Did Uber's valuation just tick up a billion dollars or so? Google's patent for transportation-aware restaurant ads coupled with free taxi service turns online ads into a concierge service of sorts that will deepen ties between taxi services and restaurants and other businesses.
Google has secured a U.S. patent that could revolutionize the way restaurants and other retail outlets use online advertising. The patent enables these businesses to turn their online ads into a utility that provides prospective customers with free or discounted taxi service to get to the venue.
The patent for “Transportation-Aware Physical Advertising Conversions” shows that Google would parse the advertiser’s business location, customer GPS data, target customer profiles and user data, as well as Google Maps, and calculate the cost of transportation and the advertiser’s potential profit for providing free or discounted taxi service to the advertiser’s business.
“For example, the system may consider various factors including a consumer’s current location, the consumer’s most likely route and form of transportation (such as train, personal car, taxi, rental car, or shared vehicle), the consumer’s daily agenda, the price competing advertisers are willing to pay for the customer to be delivered to alternate locations, and other costs,” the patent says.
“In this regard, the customer’s obstacles to entering a business location are reduced while routing and cost calculations are automatically handled based on the demand for the advertiser’s goods and potential profit margins.”
This patent thus marries big data, including advertiser data and user data, to offer highly personalized online and mobile ads that would increase conversions for restaurants and other businesses, and remove the hassle for the consumer in getting to the business location.
The patent outlines how the transportation-aware advertising would benefit businesses and consumers in a tourism destination such as Las Vegas, where retailers currently pay referral fees, hidden from the public, to transport customers to restaurants, shows, and other venues and events.
A drawing that accompanies Google’s U.S. Patent 8,630,897
“In more well-developed and trafficked locations, for example the Las Vegas area, some transportation companies may arrange referral fees for directing customers to specific locations such as restaurants. However, these systems do not provide a reliable infrastructure for many transportation vendors or advertisers to compete and cannot make specific calculations about the desirability of a given customer to a particular business in real time.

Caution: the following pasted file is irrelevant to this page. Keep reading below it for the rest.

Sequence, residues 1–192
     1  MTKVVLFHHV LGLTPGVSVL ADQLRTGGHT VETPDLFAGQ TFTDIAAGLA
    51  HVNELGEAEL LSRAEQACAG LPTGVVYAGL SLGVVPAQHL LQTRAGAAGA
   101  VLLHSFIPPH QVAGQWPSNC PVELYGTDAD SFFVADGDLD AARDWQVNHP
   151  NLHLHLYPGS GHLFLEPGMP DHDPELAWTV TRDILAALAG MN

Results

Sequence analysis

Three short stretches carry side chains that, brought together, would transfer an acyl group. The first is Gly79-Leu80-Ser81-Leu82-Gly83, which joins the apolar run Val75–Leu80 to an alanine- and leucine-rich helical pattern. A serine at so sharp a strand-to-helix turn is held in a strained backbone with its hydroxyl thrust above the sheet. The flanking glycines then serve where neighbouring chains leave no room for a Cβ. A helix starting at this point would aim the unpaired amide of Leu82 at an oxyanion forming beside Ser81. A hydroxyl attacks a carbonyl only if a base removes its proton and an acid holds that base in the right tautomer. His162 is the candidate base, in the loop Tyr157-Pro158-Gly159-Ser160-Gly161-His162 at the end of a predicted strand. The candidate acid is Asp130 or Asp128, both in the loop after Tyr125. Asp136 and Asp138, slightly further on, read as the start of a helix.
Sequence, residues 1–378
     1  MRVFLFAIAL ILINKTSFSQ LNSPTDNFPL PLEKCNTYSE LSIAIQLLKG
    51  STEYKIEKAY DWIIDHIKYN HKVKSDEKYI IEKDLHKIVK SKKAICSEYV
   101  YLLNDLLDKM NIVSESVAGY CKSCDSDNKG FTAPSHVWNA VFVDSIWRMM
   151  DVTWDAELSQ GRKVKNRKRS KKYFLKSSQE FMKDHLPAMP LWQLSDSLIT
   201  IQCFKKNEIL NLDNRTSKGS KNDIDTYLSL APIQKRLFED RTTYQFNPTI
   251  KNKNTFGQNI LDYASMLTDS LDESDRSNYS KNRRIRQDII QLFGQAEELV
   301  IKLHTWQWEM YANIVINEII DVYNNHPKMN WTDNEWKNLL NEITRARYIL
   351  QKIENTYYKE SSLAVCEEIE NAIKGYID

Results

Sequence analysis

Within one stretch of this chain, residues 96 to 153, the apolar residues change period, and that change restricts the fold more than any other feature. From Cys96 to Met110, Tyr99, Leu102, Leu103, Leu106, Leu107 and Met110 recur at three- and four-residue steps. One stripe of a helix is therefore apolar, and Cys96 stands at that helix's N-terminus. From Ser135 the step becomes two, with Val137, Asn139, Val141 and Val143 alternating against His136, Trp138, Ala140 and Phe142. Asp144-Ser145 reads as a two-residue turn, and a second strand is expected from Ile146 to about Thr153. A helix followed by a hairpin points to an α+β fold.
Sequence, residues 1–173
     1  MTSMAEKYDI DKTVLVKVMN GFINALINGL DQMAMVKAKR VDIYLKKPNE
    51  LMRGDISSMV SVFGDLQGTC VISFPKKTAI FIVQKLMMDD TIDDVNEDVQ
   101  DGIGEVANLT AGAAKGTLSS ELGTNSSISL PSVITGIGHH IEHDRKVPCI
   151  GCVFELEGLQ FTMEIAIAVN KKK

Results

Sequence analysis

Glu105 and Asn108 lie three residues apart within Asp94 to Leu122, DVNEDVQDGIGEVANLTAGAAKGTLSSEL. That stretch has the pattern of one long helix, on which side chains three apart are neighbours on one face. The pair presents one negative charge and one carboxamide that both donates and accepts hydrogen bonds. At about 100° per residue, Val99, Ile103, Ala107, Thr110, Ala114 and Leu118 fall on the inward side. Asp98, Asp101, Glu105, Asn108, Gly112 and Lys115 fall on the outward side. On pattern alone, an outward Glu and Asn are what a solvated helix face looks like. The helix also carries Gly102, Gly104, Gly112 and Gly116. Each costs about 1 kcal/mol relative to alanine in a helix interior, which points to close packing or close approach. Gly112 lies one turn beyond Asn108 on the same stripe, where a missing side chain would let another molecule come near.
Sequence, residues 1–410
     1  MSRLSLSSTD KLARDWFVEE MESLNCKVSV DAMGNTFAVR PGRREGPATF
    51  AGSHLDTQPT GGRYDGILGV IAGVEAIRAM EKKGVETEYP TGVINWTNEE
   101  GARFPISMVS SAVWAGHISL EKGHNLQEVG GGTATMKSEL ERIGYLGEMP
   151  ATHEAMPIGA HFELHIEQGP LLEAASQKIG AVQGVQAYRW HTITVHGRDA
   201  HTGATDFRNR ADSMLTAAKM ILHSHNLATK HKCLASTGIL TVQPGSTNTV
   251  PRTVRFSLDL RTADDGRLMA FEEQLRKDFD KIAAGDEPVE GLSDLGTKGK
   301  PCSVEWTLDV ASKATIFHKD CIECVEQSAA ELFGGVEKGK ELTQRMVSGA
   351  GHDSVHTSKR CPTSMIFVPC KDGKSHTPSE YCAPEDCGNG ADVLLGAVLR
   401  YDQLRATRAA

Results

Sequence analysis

“These referral arrangements may be done privately or in secret rather than via transparent auctions. Thus, these services may exist at the expense of consumers who are paying for the cost of the transportation without realizing that the transportation company is also receiving a referral fee. In addition, this approach also requires a critical mass of consumers in a specific geographic area and well-defined transportation systems, and it may rarely scale across significant distances.”
The BBC points out that the patent turns online and mobile ads from a mere come-on into a utility for consumers.
In other words, a restaurant ad would not only tout its filet mignon, but it would provide some meat on the bone by delivering customers from the nearby hotel, street or business meeting right to the restaurant’s maitre d at little or no extra charge.
Google already has close ties with Uber, the ride-sharing service, and you can envision Uber partnering with additional restaurants around the country as Google helps advertisers deliver customers right to their doorsteps.
And, if you really want to get futuristic, then Google’s driverless cars would be a fit for these location-aware transportation ads, as well.
You can also expect restaurants, including those operating in hotels, to deepen their ties with taxi services, and even acquiring some as relationships deepen.
Targeting and personalization in advertising is already here, and Google’s transportation ads for discounted or free taxi service would increase advertisers’ effectiveness, and make life easier for foodies and others trying to get from point A to point B.
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Photo credit: Limousine driver Shuki Zanna, 49, holds up his iPhone displaying transportation app Uber as he waits for customers in Beverly Hills, California, December 19, 2013. Lucy Nicholson / Reuters